Your guide to affordable flats in London

Anybody that lives or who has to move to London for work all share one thing in common; the stress of finding good, affordable accommodation in our nation's overcrowded capital. There's no doubt about it, London is expensive; but it is possible to find something reasonably-priced if you're prepared to do a bit of research - and commuting. To start with, let as many people as possible know that you're looking for accommodation, as many of the best places are snatched up before they're advertised.

Location, location, location ...

The most important consideration is choosing an area within a reasonable commute to where you work. Up to one hour's travelling each way is acceptable, more than that will leave you too exhausted to enjoy London life. With a few exceptions, accommodation gets cheaper as you move away from the centre - but your commute will be longer and more expensive. Property in north or west London costs more than in the south or east, so get hold of a map and identify some suitable areas. Be aware that the Northern and District Underground lines are packed and often unreliable, whereas the Jubilee and Central lines are less crowded.

London suburbs

Unless you get a live-in job in a pub or hotel, living in central London probably isn't an option. A one-bedroom flat in Kensington or Chelsea can easily cost thousands of pounds a week. West London areas such as Shepherd's Bush, Acton and Hammersmith are popular with working holidaymakers and you'll find plenty of Aussie pubs and house parties going on. Go south or east for an edgier, more international - and cheaper - experience. Brixton and Camberwell both have good transport into the centre and Shoreditch to the east is a trendy, creative area with great nightlife. Stoke Newington in the north is a mixed area with lots of different communities; look toward Clapton and Hackney Downs for cheaper accommodation.

Rent a room

Moving into an existing flat- or house-share is the most popular choice for new arrivals in London. Once you've identified a few suitable areas, decide if you're prepared to share a room or pay more for privacy, then check out websites such as Zoopla or Gumtree for available rooms. Both sites are free and good shares don't stay up for long. If you can afford a small registration fee, Easy Roommate and FlatmateClick are less competitive. Alternatively, buy Loot for their huge section of rental classifieds. Be prepared to be interviewed and to come up with a month's rent in advance plus your share of the bond.

Share a lease

If you know other people looking for accommodation, you could get a new flat-share together. This is more complicated than moving into an existing share, as you will be the main leaseholders and jointly responsible for all the rent, so get legal advice before you sign anything. The option is best with people you already know well, because if things don't work out you'll have to find someone else to take over the lease. You all need to be working and to commit to living in London for at least six months. If that sounds attractive, there are plenty of rental agencies in London who will help you find a suitable place.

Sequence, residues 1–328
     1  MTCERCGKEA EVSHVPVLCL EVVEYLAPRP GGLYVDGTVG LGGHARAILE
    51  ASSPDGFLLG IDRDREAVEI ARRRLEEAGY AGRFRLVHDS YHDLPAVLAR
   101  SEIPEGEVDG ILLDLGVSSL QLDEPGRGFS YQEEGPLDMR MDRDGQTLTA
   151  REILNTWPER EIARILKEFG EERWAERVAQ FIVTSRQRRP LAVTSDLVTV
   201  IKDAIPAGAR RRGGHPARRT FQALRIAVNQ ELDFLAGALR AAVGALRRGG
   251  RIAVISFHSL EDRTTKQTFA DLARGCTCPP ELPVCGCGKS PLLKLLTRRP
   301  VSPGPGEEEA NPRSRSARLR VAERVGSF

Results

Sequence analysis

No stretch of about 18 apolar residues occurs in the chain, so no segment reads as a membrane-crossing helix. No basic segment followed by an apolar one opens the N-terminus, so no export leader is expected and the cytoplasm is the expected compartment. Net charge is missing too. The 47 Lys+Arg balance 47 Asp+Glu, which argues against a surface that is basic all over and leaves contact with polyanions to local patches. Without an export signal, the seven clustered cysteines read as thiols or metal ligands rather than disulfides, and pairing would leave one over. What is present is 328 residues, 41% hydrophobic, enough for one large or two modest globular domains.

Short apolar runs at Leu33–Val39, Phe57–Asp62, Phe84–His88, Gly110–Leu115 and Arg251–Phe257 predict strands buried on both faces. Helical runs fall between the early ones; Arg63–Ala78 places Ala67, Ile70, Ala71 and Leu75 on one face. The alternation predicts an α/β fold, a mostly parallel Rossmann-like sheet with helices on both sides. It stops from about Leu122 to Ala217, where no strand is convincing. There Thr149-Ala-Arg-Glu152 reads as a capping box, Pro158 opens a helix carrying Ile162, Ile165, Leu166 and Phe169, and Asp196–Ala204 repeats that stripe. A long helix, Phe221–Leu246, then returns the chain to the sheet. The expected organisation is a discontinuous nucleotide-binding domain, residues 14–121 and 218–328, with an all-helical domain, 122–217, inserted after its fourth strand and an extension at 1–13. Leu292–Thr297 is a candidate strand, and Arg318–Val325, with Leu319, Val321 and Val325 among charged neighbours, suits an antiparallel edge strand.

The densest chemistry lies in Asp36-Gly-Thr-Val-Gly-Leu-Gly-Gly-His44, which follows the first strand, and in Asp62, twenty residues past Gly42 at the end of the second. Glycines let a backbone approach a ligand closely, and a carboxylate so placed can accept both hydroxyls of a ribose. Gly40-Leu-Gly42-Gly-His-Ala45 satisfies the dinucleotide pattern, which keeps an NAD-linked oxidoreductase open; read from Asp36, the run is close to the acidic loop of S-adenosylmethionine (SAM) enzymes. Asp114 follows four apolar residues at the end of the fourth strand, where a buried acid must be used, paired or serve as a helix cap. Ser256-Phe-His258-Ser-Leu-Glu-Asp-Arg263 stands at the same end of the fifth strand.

Housing association

If you're committed to living in London and know you want to eventually buy a home here, renting a home from a housing association means your monthly rent will be 20% less than the local market rate. They're very popular with locals and you do have to fulfill certain eligibility criteria, but the idea is that if you put the money you save aside, you should have enough saved to put a deposit on your own home within five years. Housing associations tend to cover specific areas, so this option is best left until you're sure you've found the right part of London for you.

Rent to buy

Another long-term option is the government's Rent to Buy scheme for London. If you're eligible, you can apply to rent a newly-built home at 20% less than market rate for up to five years, with the option to buy all or part of it at any time during that period. It means you can stay in the same property, first as a tenant and then as a shared owner. It's a long-term commitment, but an affordable way to get on the London property ladder if that's your aim.

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About the Author

Isobel Phillips has been writing technical documentation, marketing and educational resources since 1980. She also writes on personal development for the website UnleashYourGrowth. Phillips is a qualified accountant, has lectured in accounting, math, English and information technology and holds a Bachelor of Arts honors degree in English from the University of Leeds.